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  • Hello.

  • Welcome to today's program.

  • We're going to look at how to make dates and arrangements on the phone.

  • We'll also have a close look at how we talk about things we're in the middle of doing.

  • But first let's continue a drama 'Sisters and Brothers'.

  • Remember Sarah's brother Steve?

  • It is seemed that he quite liked Anne.

  • Now he's going to make a phone call.

  • Medina Hotel. Marie speaking. How may I help you?

  • Could I speak to Ms Anne Lee, please?

  • I'm not sure [...].

  • I'll put you through sir.

  • Hello?

  • Hello. Anne?

  • This is Steve Parker.

  • Steve Parker?

  • Steve.

  • The Sarah's brother. We met [...].

  • Oh, Steve! Hello Steve.

  • Hi. What are you doing?

  • Oh, working.

  • I'm planning a trip to the wineries later in the week.

  • Ah, when're you going?

  • On Wednesday.

  • Oh, good.

  • What are you doing tomorrow?

  • Er...

  • Nothing.

  • Why?

  • [...] winery.

  • I still wonder whether you want to go to our [...] park?

  • With me.

  • If you did like to go Ms Lee.

  • That's what I did.

  • Yes, I can say I'd love to go.

  • Alright!

  • I'll meet you in the foyer.

  • Ten o'clock?

  • Okay, ten.

  • [...].

  • Great!

  • [...].

  • [...] Steve.

  • Let's have another look at how Steve made that date with Anne.

  • First he has to ring the hotel.

  • Medina Hotel. Marie speaking. How may I help you?

  • Could I speak to Ms Anne Lee, please?

  • Steve says...

  • ... 'Could I speak to Ms Anne Lee, please?'

  • He's been polite.

  • We use the word 'could' like this when we ask someone to do something for us.

  • It's a question.

  • So he says 'could' before 'I' - 'could I ...?'

  • Try saying 'could I' with the clip.

  • Could I speak to Ms Anne Lee, please?

  • He says 'please'.

  • Asking someone to do something is a type of question called a request.

  • We use 'please' to make a request polite.

  • Steve's request works and the receptionist puts him through to Anne.

  • Hello?

  • Hello. Anne?

  • This is Steve Parker.

  • Steve Parker?

  • Sometimes just the way we say name though single words make questions.

  • When Steve says 'Anne?' he means 'Are you Anne?'

  • Listen first and then say with Steve.

  • Hello?

  • Hello. Anne?

  • This is Steve Parker.

  • Hello?

  • Now listen to the way that Anne says Steve's name.

  • Hello?

  • Hello. Anne?

  • This is Steve Parker.

  • Steve Parker?

  • She means 'Who is Steve Parker?'

  • Listen once more and then say it with her.

  • Hello. Anne?

  • This is Steve Parker.

  • Steve Parker?

  • Hello. Anne?

  • This is Steve Parker.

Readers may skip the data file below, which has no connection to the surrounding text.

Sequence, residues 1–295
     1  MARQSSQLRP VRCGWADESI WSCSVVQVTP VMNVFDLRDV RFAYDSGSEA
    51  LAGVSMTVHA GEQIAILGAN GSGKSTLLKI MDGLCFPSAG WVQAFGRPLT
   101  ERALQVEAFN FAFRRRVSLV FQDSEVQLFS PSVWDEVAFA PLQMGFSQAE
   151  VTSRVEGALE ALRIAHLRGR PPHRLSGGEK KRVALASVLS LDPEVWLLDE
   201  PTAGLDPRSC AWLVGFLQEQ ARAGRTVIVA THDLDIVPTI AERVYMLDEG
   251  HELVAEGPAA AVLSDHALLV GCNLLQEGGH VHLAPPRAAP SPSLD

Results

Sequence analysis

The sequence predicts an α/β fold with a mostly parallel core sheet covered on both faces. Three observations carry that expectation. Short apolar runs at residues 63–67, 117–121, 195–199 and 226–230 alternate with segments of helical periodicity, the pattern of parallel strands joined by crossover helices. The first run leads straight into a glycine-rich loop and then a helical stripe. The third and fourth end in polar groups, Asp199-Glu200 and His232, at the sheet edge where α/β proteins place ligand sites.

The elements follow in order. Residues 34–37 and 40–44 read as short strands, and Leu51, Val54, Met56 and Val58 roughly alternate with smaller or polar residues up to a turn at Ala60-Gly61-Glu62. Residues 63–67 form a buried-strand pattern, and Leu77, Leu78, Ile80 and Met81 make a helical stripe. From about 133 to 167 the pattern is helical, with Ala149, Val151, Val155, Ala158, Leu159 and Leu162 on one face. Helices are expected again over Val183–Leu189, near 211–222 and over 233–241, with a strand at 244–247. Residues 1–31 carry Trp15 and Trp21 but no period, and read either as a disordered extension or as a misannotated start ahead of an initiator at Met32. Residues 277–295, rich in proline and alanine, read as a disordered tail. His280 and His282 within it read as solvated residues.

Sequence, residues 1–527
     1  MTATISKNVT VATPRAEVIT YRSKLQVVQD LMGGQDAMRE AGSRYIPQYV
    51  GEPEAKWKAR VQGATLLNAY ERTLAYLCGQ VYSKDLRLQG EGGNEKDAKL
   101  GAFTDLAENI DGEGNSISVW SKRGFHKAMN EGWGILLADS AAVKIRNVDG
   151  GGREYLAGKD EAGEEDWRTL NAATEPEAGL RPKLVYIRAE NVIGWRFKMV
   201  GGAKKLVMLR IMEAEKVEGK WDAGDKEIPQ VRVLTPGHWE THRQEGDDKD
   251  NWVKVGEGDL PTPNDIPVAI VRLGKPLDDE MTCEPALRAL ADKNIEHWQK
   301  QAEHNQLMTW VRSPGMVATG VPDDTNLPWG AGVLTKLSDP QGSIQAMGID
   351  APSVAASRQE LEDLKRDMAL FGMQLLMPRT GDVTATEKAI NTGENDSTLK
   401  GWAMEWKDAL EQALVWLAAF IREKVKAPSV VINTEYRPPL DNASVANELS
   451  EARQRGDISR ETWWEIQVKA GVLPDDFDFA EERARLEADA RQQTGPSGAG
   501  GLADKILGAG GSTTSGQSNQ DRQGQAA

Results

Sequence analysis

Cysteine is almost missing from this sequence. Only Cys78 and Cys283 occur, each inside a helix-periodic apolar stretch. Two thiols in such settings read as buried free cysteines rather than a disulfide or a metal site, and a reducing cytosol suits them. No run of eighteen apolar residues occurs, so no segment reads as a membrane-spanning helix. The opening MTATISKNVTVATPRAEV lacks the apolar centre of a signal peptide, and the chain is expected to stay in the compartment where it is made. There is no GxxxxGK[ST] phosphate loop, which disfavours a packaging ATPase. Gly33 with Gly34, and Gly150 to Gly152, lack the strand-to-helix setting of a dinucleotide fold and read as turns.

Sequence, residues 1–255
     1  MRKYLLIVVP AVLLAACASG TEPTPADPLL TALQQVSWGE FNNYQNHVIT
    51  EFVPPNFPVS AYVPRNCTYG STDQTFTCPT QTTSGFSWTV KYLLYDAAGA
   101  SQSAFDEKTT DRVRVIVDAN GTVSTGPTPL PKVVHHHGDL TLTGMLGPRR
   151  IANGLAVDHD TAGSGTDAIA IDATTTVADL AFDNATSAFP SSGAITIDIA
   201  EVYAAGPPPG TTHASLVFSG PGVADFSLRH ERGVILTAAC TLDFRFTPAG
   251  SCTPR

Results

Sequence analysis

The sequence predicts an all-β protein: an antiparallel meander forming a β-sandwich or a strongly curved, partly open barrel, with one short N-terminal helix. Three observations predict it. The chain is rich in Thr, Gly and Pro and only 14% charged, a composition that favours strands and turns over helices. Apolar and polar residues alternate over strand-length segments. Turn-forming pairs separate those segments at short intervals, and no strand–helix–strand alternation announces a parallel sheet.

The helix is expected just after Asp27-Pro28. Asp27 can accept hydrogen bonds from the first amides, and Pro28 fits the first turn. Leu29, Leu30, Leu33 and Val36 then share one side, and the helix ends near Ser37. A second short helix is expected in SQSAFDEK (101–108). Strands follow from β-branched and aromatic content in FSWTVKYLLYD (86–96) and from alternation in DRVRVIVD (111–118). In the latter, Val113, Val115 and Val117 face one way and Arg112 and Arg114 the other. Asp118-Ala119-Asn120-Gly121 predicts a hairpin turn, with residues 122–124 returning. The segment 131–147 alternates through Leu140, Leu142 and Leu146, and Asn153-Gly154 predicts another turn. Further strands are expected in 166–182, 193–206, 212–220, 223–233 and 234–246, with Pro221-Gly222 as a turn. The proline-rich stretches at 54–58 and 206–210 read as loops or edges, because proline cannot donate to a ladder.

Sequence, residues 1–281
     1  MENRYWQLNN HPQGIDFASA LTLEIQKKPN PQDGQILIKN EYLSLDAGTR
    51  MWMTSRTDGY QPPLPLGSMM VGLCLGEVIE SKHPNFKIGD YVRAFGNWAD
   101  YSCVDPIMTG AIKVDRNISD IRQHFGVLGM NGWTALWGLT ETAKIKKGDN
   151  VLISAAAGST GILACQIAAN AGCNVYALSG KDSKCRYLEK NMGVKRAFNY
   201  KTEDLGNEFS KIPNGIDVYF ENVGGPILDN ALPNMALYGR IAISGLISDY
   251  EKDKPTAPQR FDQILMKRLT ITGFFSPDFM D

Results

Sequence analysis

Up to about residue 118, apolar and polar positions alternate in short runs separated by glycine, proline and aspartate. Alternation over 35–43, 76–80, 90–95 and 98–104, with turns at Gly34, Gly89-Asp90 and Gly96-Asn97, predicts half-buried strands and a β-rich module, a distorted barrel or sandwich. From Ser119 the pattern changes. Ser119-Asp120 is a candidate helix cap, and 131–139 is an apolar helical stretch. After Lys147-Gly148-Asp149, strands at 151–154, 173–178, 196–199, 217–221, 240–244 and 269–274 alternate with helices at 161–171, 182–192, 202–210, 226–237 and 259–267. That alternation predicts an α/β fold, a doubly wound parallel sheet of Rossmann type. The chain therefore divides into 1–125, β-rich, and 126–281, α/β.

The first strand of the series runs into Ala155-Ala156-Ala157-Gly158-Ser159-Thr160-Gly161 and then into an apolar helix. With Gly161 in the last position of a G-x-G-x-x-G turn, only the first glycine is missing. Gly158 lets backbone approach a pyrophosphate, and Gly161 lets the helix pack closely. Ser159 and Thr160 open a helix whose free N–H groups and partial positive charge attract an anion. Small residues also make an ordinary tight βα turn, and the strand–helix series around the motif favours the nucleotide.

• Of course Anne realises who Steve is and then starts to talk.

  • Hi. What are you doing?

  • Oh, working.

  • I'm planning a trip to the wineries later in the week.

  • We've looked at the words called verbs before.

  • And how we change the way we say them to show when something is happening.

  • We call these changes tenses.

  • Today we're going to look at how to talk about actions that are happening now...

  • ... and for a short time into the future.

  • In our next clip listen to the way Steve and Anne say the verbs 'do', 'work', and 'plan'.

  • Hi. What are you doing?

  • Oh, working.

  • I'm planning a trip to the wineries later in the week.

  • Doing.

  • Working.

  • And planning.

  • Notice that when a word ends with a single vowel next to a single consonant...

  • ... the consonant is written again or doubled when we add 'ing'.

  • The 'ing' form of verbs is used for talking about things happening now...

  • ... and for a short time into the future.

  • This tense is called the present continuous.

  • Because it refers to the present and something that continues or keeps going.

  • Let's look at 'doing' first.

  • Hi. What are you doing?

  • Steve is asking about what Anne is doing at that moment...

  • ... and for a short time into the future.

  • So what's Anne doing?

  • Say it with her.

  • Oh, working.

  • I'm planning a trip to the wineries later in the week.

  • Work and plan are verbs of action.

  • They are things we do.

  • Only these sorts of verbs has continuous tenses.

  • Some verbs such as understand and know...

  • ... are not used with the 'ing' form of the present continuous.

  • You can say 'I'm working'.

  • This means that you're working now and for a short time into the future.

  • But you can't say 'I'm knowing'.

  • Instead you say 'I know'.

  • Let's see what Michelle's doing.

  • I'll ring her up.

  • Hello. Michelle Crowden speaking.

  • Hello Michelle. This is Brenton.

  • Hello.

  • What are you ringing me for?